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Readers Are Leaders: How to Instill a Love for Reading in Children?

Readers Are Leaders: How to Instill a Love for Reading in Children? | ITTT | TEFL Blog

Children usually prioritize their joy and prefer rewarding activities. They are more interested in reading when it is rewarding and beneficial to them. Interestingly, children learning a second language find it easier to learn reading compared to those who are learning to read for the first time. This is because young second language (L2) learners have already experienced that reading can be interesting and entertaining. By making reading in a second language interesting, students are likely to be motivated.

Disclaimer: The views and opinions expressed in this blog post are solely those of the author, an alumni of ITTT (International TEFL and TESOL Training). They do not necessarily reflect the views or opinions of ITTT. The content provided in this post is for informational purposes only and should not be considered as official endorsement or representation by ITTT.

Text Difficulty and Vocabulary Support

One important aspect of motivation is ensuring that the text is not too difficult. Too many complex words can hinder understanding and enjoyment. Teachers should ensure that the chosen texts align with the student's language level. If the text is beyond their level, vocabulary lists can be provided in advance to help with the comprehension of complex words. Not all difficult words need to be translated or explained, but it's important to provide enough support for students to follow and understand the main point or plot.

Setting Achievable Reading Goals

Setting achievable reading goals is important not only in terms of text difficulty but also in terms of length. Many children enjoy the sense of accomplishment that comes with finishing a book, and they eagerly anticipate reaching the end of a plot. Teachers should consider the length of the texts or books assigned to maintain students' motivation and engagement.

Tailoring Reading Material to Children's Interests

It's essential to recognize that what makes reading interesting can vary depending on the age of the students. Teenagers are more likely to be interested in topics relevant to their own interests, current society, or even fun historical facts. On the other hand, children usually gravitate towards entertaining genres such as fantasy or adventure. A helpful tip is to offer books based on their favorite movies, as this can pique their interest and provide a familiar context for reading. While some books or texts may not personally interest an adult teacher, it is important to familiarize oneself with the material that our students are reading. By doing so, we can establish a shared context and effectively cultivate their interest in the material.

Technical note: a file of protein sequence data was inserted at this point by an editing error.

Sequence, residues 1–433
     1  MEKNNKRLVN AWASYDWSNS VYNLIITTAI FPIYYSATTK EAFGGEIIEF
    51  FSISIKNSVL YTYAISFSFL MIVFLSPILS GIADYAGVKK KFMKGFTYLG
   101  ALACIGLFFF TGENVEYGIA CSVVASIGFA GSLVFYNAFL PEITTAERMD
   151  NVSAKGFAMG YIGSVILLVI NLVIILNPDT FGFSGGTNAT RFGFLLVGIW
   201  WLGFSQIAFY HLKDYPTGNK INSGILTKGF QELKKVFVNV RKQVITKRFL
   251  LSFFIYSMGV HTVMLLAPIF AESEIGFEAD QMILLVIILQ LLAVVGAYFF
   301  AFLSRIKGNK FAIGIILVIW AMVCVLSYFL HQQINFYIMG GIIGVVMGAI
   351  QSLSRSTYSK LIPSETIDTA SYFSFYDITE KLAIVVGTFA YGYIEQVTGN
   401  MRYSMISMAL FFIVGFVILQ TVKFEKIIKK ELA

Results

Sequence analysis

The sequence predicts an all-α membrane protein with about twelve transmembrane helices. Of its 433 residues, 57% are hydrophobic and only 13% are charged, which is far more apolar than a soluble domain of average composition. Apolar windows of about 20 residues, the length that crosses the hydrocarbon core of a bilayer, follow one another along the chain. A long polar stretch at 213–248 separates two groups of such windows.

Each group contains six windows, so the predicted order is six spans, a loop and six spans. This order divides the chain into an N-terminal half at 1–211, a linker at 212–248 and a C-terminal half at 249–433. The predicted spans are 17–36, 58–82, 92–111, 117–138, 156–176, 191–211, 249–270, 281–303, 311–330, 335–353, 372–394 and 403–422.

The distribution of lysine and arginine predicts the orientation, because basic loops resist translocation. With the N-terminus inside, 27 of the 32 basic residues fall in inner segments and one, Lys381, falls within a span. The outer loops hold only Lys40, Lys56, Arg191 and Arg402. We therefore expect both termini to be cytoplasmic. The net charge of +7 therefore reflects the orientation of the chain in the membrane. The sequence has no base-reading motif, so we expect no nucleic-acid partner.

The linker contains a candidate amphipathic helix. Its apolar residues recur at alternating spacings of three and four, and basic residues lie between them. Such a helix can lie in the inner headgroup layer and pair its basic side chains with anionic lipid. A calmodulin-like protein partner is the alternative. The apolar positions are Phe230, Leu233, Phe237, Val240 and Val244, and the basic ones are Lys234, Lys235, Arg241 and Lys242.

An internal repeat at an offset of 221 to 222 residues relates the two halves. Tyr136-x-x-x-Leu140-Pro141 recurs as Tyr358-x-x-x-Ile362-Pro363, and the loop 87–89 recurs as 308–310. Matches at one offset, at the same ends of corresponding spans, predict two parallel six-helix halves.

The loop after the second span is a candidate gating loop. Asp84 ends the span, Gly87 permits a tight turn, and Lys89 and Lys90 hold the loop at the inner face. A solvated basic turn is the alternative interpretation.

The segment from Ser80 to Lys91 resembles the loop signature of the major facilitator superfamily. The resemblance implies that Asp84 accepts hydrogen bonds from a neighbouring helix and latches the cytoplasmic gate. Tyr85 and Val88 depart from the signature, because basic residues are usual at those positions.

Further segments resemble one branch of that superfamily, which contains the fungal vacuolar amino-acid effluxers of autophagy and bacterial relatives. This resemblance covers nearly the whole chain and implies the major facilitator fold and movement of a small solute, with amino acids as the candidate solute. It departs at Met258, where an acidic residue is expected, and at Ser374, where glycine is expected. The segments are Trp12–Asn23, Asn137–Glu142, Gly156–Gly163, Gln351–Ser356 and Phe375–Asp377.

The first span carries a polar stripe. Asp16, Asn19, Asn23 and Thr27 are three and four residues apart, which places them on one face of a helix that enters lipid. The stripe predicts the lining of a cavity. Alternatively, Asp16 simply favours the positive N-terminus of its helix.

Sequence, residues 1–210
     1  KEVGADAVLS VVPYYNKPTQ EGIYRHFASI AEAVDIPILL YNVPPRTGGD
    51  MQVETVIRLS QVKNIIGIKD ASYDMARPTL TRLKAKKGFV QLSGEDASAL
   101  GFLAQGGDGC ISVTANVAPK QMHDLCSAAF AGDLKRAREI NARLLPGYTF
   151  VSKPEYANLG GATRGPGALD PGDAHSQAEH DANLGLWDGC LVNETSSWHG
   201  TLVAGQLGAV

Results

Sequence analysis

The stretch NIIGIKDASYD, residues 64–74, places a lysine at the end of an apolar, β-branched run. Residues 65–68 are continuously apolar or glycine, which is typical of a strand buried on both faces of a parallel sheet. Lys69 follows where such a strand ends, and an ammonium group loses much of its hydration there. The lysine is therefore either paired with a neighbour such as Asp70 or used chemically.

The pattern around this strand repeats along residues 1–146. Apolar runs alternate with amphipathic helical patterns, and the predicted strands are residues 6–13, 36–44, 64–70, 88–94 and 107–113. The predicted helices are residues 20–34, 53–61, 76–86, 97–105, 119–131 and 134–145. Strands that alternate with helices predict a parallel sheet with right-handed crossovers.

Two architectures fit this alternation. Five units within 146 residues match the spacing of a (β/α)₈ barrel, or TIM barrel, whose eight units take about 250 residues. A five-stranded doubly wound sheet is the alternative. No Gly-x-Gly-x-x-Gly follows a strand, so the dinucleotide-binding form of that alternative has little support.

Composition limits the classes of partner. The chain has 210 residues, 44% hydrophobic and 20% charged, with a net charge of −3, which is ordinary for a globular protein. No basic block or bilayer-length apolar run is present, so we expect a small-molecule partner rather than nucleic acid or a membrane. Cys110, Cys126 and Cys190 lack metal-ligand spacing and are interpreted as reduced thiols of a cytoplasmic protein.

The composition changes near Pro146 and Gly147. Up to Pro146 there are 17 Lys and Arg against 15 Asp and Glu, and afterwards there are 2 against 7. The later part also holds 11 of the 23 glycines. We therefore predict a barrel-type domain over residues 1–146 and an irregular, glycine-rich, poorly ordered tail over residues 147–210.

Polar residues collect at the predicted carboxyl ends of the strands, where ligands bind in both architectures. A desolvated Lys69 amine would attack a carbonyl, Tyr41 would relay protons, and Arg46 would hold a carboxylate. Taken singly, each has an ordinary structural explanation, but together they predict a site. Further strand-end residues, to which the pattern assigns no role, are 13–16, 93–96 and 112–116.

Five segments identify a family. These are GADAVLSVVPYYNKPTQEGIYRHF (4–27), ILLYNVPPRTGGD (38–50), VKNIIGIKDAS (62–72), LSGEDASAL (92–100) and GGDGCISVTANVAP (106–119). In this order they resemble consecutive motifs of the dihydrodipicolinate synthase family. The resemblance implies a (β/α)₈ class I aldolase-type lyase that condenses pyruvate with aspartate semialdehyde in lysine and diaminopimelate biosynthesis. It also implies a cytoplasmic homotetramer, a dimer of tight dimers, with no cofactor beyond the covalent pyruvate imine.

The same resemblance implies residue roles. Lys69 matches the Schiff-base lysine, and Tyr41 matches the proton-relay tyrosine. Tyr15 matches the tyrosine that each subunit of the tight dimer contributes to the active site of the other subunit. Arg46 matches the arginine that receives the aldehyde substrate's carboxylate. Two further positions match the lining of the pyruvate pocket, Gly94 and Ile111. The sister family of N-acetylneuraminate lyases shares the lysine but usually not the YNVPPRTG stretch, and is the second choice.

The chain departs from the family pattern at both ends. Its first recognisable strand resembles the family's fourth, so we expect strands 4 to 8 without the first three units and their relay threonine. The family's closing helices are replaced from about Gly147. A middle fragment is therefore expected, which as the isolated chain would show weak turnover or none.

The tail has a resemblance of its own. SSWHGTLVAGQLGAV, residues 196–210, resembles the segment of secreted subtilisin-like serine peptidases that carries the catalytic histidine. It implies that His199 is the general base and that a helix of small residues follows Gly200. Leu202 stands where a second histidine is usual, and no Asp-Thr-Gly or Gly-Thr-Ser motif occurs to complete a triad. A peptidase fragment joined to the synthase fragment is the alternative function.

Reading and Writing as Positive Activities

Neither reading nor writing should ever be used as disciplinary tools. Associating reading with punishment creates negative connotations about the activity, which can hinder a child's enthusiasm for reading. Instead, we should foster a positive environment where reading and writing are seen as enjoyable and valuable activities.

Empowering Children's Choice in Reading

Whenever possible, it is beneficial to allow children to choose the books they read. Making a variety of books available in the classroom and providing book lists can help ignite their interest in reading and reduce unnecessary pressure. Unlike assigned texts, reducing pressure is particularly important when it comes to reading books. Books require focus and concentration, which some children may struggle with. By offering a choice among interesting books, we can alleviate this pressure and give young students the freedom to explore their own preferences in genres and themes.

Engaging Activities to Enhance Reading Experience

Another important teaching skill to maintain students' interest in reading is the ability to extract interesting elements from a text and draw the students' attention to them. For very young children, choosing books with illustrations and reading together can have a positive effect. Young children often have vivid imaginations, and this can be encouraged by allowing them to illustrate what they have read through drawing or playacting. Depending on the age group, various activities can be incorporated, such as writing essays about their favorite characters, crafting alternative endings to stories, role-playing characters, or engaging in debates.

By employing these strategies, teachers can effectively instill a love for reading in children, nurturing their curiosity and helping them become lifelong readers and leaders.

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